The video game that takes death seriously

Gizmo ZONE : A grieving father's heartbreaking memorial for his son demonstrates that the genre can be about more than entertainment

The video game that takes death seriously

Video games have long enjoyed making entertainment out of conflict, but mainly from the infantilisation and the belittling of what is at its heart. As Simon Parkin explored in his recent book Death by Video Game, gaming barely acknowledges death, despite how central it is to so many titles, let alone lingers on it, or considers the grief in its aftermath.

Entertainment is what drives the industry. But it need not define the medium and that it can be more is evident in the recently released That Dragon, Cancer, a title with an uncomfortable subject at its heart. It is a game made by parents Ryan and Amy Green about their son Joel, who was diagnosed with brain cancer at 12 months old.

It could not be further from the gung-ho gun battles, where action and consequence have long ceased to have a relationship. Viewed from the first person and navigated by clicking, memoirs drawn from home movies, poems and answer-phone messages grant uneasy documentary-like access to the ups and downs of Joel’s life that lasted only 4 years after his diagnosis.

Joel’s parents, developer Ryan and his wife Amy, along with a handful of artists and programmers, created the game that’s now available on PC, Mac and Ouya — but not as cathartic retrospection: it was made as the chaos and uncertainty of Joel’s treatment continued.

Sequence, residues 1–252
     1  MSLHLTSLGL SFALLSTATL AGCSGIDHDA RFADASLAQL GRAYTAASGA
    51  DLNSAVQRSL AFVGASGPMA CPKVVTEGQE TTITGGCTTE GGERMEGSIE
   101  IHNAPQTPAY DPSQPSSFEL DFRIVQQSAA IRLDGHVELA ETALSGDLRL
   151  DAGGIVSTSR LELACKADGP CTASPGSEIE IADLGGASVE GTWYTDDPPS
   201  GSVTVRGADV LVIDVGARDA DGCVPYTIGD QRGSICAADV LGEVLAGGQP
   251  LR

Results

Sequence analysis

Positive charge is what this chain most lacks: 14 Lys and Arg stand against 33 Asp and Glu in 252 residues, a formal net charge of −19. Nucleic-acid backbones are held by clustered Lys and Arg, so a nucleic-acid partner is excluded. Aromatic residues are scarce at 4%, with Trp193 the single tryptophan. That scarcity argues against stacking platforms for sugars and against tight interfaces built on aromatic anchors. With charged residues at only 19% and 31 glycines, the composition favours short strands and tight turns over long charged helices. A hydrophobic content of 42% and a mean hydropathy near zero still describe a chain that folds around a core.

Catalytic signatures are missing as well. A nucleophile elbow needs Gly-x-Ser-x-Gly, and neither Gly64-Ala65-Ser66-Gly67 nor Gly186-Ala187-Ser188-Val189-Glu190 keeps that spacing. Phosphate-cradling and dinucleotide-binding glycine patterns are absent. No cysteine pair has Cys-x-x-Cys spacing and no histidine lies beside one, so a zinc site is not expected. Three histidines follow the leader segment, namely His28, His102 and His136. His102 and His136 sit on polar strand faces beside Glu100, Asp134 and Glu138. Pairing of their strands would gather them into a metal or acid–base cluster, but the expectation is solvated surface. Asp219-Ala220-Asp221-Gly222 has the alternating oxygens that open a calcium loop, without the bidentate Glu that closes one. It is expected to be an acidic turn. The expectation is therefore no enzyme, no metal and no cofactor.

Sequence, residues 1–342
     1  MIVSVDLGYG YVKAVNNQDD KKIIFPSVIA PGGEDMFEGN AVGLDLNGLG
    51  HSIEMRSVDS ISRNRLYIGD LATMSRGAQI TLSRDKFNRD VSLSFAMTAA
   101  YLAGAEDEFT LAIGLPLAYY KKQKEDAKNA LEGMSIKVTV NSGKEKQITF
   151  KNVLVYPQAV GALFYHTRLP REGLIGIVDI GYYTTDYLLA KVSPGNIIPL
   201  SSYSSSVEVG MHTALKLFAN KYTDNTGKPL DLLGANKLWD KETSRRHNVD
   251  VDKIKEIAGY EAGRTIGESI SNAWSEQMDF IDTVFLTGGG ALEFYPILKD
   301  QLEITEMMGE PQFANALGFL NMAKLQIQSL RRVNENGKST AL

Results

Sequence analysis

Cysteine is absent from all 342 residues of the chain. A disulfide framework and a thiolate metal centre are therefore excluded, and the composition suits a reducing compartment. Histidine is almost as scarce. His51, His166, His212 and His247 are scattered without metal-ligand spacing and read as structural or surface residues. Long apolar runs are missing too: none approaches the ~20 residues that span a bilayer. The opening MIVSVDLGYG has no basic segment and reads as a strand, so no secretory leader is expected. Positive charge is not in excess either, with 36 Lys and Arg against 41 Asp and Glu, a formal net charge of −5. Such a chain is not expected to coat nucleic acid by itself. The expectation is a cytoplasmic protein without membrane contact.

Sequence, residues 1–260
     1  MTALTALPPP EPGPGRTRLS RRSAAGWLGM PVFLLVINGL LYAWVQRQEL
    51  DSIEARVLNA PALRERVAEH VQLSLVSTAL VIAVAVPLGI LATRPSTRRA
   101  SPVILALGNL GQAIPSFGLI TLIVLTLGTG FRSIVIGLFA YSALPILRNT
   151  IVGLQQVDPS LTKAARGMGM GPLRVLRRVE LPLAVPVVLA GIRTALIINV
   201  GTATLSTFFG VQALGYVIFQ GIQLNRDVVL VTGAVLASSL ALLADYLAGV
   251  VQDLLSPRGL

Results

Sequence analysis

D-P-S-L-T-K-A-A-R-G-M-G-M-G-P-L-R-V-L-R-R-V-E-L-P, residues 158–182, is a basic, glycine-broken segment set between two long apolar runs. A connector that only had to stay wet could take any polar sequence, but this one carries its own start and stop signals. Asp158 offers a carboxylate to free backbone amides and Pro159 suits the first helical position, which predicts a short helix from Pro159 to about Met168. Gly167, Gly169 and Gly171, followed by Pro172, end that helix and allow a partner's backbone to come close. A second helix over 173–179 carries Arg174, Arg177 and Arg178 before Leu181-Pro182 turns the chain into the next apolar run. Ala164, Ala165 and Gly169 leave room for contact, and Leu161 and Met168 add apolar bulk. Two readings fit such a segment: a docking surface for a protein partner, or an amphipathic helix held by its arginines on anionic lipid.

Being a coder, he stumbled on the unusual idea of creating a video game about Joel’s cancer. “We had this idea of living, abstract interactive paintings: cubism, expressionism, even interactive haiku. Eventually we landed on the first scene of the game based on a poem I wrote about a night spent in hospital while Joel was dehydrated,” he says. Combined with poetry, poignant piano music and his eye for life’s absurd details in the midst of catastrophe, this was the first part of the game shown to the outside world.

Unlike a film, interactions invite involvement in the drama. “Are you okay with Joel?” Ryan pokes his head round a door in the game as he literally leaves the player holding the baby. “I remember you,” says Joel in a later scene, and again we are placed at the heart of the family story.

Here then, voices and sounds from home movies and Amy’s answerphone messages are uneasy listening, but it’s impossible to look away. This risk of voyeurism is part of Ryan’s plan. “We wanted people to know that Joel was a real boy, who loved playing with his brothers and screaming in glee while playing with puppies,” he says.

Equally, the Greens have unashamedly weaved their faith through the game along with Bible stories and church songs. In real life too he doesn’t duck questions about his evangelical faith. “Many times the answers we think we have don’t take into account the experience of walking through pain … I’ve not lost my faith, but it’s much more complex than it was five years ago.”

But what had started as a video game about hope for healing suddenly changed direction on March 13, 2014, when Joel died from an atypical teratoid rhabdoid tumour. He was five. “Joel’s death provided an ending for the game,” says Ryan.

“We were forced to confront this common pain. Even if it isn’t the story we would have chosen, it’s the story that was written on us. We were just reciting it.”

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